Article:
New Zealand Racing Minister Nathan Guy has announced plans to impose a tax on offshore betting agencies that enable players to gamble on New Zealand racing and sporting events. At this stage, there are no plans to attempt to bring similar legislation into play regarding online casinos, which cannot be operated from within the country but which nevertheless are able to accept New Zealand players.
The move, the result of findings by the Offshore Betting Working Group established by Mr Guy and outlined in a speech at the AGM of the New Zealand Racing Board, is designed to recoup money lost to the racing industry to overseas bookmakers, upon which racing in New Zealand is highly dependent. In the region of NZD$58 million is estimated to be gambled every year on New Zealand racing with offshore betting agencies.
The intention is to introduce an Offshore Bookmaker Fee, which would see operators incurring a fee every time they accept a bet on a New Zealand horse race or sporting event. This would apply to wagers made by overseas punters as well as locals.
Currently, the official TAB in New Zealand offers online wagering on local racing and sports events, but it’s thought that the greater variety of products and better odds and pricing offered by overseas bookmakers is what attracts locals to bet elsewhere other than the government-regulated TAB. The Offshore Betting Working Group report therefore also recommended that the remit of the TAB in New Zealand be broadened so that it could become more competitive through offering a greater range of betting products and services.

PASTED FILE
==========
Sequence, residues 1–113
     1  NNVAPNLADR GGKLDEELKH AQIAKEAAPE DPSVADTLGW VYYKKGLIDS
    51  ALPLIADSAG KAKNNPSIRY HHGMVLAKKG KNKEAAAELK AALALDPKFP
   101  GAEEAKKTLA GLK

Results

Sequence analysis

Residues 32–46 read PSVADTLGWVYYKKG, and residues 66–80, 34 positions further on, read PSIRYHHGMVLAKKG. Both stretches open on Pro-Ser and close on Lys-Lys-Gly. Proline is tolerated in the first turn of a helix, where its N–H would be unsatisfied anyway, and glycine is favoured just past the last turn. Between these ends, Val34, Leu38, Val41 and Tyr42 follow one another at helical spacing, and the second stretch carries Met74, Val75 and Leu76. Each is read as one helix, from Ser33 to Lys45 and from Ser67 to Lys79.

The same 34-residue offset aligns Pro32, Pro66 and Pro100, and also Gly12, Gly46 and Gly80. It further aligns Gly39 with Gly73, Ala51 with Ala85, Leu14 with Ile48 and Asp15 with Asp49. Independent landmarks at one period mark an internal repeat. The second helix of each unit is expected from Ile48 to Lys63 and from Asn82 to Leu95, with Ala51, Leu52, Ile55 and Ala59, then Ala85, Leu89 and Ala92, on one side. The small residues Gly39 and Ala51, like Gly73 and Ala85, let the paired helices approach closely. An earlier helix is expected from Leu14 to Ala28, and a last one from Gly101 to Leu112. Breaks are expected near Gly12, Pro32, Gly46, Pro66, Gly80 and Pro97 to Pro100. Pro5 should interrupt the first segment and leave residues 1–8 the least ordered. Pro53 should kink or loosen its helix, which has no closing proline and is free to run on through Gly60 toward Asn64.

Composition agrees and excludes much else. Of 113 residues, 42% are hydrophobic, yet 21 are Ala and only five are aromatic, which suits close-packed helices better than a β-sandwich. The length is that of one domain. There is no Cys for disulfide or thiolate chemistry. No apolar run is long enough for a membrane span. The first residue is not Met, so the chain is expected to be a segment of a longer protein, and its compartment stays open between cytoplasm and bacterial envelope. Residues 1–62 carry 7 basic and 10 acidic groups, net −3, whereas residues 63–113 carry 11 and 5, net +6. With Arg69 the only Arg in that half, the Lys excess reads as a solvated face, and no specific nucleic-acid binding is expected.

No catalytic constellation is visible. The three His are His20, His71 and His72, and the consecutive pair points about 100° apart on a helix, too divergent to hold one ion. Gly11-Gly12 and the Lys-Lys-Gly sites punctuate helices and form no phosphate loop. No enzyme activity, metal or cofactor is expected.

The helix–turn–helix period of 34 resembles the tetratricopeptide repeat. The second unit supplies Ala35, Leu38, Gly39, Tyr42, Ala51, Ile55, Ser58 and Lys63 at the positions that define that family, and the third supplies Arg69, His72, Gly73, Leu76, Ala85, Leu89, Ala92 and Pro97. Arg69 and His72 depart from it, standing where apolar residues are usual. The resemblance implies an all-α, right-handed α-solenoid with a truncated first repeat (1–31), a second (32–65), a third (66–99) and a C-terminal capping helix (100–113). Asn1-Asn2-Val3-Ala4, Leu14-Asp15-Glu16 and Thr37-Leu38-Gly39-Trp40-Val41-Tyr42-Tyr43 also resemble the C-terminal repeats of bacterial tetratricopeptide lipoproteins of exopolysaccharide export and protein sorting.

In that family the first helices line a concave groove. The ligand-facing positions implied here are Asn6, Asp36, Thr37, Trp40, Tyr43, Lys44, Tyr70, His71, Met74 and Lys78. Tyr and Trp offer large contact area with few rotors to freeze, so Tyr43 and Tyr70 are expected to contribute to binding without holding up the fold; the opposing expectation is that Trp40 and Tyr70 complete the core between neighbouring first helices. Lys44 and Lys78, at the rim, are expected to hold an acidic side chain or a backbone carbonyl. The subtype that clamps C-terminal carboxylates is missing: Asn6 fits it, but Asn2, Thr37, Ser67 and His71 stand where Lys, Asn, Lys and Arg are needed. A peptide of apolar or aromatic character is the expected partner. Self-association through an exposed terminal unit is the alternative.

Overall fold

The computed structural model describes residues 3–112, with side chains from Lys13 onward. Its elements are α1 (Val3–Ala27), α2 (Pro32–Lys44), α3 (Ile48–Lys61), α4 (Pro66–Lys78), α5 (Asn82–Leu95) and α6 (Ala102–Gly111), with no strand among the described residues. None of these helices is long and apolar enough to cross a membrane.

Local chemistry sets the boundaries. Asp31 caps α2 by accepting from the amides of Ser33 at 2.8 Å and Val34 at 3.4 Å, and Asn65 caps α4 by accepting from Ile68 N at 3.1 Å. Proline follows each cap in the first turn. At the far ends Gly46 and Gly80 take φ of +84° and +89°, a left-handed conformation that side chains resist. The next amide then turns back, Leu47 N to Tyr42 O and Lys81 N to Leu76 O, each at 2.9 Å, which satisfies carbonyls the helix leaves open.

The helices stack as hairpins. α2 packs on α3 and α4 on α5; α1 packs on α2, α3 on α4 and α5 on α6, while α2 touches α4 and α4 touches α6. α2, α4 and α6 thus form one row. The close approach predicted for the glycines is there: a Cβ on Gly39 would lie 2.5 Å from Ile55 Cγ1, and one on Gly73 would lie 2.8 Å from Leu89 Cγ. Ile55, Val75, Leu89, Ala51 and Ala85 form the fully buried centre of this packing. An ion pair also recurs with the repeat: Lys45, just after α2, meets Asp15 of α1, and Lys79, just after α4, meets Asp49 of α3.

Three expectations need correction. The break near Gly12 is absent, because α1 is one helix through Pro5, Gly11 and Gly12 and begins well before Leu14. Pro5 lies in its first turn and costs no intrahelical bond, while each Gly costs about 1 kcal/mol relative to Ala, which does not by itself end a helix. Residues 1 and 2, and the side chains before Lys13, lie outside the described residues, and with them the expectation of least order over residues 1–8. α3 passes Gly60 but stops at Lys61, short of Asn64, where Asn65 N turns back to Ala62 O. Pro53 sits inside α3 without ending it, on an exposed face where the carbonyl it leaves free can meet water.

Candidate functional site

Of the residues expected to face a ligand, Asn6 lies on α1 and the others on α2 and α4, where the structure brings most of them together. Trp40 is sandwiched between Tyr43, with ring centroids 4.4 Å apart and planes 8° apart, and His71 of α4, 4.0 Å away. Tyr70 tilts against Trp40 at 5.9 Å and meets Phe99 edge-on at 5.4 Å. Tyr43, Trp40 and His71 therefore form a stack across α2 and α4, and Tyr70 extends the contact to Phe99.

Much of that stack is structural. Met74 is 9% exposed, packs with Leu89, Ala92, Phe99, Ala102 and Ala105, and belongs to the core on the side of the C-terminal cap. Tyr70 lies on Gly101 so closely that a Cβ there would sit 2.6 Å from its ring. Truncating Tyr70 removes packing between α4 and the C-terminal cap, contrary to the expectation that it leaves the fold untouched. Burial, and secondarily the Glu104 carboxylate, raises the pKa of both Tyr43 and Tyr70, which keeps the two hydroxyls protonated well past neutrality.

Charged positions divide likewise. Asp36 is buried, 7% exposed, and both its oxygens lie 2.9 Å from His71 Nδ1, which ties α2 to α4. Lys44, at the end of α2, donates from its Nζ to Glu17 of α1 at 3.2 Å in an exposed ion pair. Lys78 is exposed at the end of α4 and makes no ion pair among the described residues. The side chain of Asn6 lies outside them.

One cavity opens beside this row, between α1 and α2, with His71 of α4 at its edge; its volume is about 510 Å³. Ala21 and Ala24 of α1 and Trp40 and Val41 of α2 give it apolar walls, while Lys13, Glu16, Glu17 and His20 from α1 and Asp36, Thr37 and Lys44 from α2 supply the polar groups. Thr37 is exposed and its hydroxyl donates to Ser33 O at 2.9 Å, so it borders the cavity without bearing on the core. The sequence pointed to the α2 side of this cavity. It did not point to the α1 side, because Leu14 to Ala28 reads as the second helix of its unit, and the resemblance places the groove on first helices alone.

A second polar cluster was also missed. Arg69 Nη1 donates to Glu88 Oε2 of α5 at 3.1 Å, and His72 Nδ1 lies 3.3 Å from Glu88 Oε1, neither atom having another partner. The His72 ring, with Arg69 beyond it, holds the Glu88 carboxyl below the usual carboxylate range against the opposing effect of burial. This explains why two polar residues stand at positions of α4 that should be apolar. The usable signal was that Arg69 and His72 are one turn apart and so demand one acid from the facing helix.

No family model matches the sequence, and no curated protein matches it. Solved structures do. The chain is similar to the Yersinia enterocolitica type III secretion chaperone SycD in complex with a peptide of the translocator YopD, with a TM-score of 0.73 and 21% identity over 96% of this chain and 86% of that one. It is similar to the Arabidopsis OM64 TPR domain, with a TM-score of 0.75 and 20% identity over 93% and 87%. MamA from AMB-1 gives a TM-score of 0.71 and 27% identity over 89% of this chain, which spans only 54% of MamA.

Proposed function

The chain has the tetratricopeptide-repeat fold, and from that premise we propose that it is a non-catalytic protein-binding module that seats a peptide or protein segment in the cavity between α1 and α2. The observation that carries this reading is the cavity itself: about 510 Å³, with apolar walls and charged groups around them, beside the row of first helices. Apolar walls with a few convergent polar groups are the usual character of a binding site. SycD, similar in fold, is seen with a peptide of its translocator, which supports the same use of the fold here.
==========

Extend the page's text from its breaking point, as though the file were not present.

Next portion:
Mr Guy has said that offshore betting companies are benefitting at the expense of New Zealand racing and that the profits from money wagered offshore should be returned to the industry: “Our laws do not prevent New Zealanders from betting with overseas bookmakers, but this activity takes place outside our domestic regulatory framework; a framework that requires the New Zealand TAB operator to return its profits to sustain New Zealand racing,” he added.
As it is currently not legal for an online casino to be operated from within New Zealand, meaning players here have no local alternative, there are no plans as yet to instigate a licensing and taxation system similar to that which has been introduced in the UK, where online casinos need to be licensed by the Gambling Commission and where every wager is taxed.
However, this latest regulatory move in respect of online betting does suggest that the whole area of gambling online in New Zealand is under review.